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CHAPTER II.

THE FIRST WEDDING.

THE June roses over the porch were awake bright and early on that morning, rejoicing with all their hearts in the cloudless sunshine, like friendly little neighbors, as they were. Quite flushed with excitement were their ruddy faces, as they swung in the wind, whispering to one another what they had seen; for some peeped in at the dining-room windows, where the feast was spread, some climbed up to nod and smile at the sisters, as they dressed the bride, others waved a welcome to those who came and went on various errands in garden, porch and hall, and all, from the rosiest full-blown flower to the palest baby-bud, offered their tribute of beauty and fragrance to the gentle mistress who had loved and tended them so long.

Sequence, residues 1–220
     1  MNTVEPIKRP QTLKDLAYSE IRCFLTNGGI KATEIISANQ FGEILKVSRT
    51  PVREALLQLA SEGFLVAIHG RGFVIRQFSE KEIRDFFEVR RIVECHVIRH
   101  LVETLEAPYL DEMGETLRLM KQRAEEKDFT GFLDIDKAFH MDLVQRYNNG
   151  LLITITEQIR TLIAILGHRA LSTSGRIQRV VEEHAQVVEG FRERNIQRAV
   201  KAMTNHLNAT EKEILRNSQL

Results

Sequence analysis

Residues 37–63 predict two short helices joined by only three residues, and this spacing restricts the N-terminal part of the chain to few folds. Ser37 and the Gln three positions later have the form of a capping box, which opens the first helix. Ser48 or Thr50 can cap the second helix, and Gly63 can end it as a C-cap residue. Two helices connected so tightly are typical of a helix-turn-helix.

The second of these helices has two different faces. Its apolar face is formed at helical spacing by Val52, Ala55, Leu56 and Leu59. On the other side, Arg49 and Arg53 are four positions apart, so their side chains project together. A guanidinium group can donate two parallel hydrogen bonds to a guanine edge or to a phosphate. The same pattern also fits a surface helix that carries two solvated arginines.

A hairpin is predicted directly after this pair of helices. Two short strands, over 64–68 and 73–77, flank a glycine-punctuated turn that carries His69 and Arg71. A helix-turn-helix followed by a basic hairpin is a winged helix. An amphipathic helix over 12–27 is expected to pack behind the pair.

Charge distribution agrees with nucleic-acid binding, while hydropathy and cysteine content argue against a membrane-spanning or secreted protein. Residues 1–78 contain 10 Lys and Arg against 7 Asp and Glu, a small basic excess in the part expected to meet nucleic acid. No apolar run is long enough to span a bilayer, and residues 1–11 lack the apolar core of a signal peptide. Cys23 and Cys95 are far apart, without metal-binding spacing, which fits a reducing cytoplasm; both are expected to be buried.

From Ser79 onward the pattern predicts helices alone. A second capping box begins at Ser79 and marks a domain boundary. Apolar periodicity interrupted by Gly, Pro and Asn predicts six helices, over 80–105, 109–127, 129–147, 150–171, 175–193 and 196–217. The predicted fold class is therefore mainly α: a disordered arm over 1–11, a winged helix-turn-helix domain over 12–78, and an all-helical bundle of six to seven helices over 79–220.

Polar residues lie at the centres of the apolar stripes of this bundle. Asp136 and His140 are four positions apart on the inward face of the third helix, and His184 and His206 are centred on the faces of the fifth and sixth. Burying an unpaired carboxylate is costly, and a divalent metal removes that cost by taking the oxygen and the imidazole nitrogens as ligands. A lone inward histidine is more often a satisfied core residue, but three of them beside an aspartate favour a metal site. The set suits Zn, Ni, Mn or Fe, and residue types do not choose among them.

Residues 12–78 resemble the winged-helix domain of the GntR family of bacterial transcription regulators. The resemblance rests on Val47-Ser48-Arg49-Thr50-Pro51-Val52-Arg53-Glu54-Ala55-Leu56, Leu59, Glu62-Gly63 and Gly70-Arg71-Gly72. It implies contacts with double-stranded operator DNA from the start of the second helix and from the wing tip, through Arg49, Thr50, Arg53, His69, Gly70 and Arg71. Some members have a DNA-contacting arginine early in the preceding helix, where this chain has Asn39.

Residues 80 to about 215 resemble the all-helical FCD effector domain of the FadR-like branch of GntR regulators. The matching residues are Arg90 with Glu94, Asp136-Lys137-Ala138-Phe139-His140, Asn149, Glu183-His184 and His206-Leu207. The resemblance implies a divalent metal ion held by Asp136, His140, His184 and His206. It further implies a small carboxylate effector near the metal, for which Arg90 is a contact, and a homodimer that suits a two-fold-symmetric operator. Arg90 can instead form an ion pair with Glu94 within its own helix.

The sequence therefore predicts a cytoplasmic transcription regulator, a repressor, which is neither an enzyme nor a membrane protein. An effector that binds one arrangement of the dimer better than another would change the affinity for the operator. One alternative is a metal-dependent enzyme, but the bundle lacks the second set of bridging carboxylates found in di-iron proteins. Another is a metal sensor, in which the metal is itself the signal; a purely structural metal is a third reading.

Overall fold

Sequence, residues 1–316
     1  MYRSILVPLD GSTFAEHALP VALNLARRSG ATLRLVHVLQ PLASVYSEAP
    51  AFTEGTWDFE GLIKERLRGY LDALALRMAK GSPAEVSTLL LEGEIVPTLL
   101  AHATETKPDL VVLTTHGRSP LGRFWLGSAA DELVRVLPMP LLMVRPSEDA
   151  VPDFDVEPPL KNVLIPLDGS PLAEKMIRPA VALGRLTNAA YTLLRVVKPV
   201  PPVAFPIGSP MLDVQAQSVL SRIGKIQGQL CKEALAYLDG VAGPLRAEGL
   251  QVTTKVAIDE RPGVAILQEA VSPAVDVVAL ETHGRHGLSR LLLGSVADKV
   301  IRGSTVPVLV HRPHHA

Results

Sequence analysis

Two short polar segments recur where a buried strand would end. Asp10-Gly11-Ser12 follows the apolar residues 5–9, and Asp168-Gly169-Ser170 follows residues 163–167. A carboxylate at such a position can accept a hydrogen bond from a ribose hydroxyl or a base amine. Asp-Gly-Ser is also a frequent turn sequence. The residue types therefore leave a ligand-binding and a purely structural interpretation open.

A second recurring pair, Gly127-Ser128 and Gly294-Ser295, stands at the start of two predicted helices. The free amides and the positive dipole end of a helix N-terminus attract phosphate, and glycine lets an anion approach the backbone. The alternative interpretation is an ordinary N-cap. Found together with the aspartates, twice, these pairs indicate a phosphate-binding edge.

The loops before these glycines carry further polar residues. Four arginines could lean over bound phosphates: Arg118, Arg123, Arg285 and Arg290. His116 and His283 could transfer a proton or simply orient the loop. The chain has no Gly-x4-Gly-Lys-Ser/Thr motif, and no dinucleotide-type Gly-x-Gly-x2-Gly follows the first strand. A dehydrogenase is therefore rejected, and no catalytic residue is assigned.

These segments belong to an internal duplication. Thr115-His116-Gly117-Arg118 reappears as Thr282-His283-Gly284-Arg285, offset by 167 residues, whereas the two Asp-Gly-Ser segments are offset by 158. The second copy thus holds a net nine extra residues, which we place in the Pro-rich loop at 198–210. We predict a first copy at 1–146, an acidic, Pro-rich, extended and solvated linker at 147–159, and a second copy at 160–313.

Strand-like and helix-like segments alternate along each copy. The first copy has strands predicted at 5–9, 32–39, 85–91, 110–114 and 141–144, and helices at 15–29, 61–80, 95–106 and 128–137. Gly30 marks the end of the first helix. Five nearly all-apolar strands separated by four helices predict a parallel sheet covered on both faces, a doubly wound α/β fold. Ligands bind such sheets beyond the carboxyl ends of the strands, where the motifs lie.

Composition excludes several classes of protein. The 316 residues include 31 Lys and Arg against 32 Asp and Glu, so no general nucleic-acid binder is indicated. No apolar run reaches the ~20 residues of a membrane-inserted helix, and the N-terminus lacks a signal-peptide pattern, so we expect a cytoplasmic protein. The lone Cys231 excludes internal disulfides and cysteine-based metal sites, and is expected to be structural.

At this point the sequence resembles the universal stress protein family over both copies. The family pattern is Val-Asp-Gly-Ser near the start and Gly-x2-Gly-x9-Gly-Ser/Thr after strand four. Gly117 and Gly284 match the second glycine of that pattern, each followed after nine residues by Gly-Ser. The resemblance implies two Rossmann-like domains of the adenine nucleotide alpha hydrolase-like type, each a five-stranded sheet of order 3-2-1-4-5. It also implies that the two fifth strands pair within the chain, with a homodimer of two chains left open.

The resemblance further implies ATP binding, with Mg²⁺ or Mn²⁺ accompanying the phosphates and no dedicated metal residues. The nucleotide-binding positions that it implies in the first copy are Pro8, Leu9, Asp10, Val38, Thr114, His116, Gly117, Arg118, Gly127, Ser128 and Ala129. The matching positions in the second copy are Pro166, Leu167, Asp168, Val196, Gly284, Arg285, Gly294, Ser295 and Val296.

Meg looked very like a rose herself; for all that was best and sweetest in heart and soul, seemed to bloom into her face that day, making it fair and tender, with a charm more beautiful than beauty. Neither silk, lace, nor orange flowers would she have. "I don't want to look strange or fixed up, to-day," she said; "I don't want a fashionable wedding, but only those about me whom I love, and to them I wish to look and be my familiar self."

So she made her wedding gown herself, sewing into it the tender hopes and innocent romances of a girlish heart. Her sisters braided up her pretty hair,

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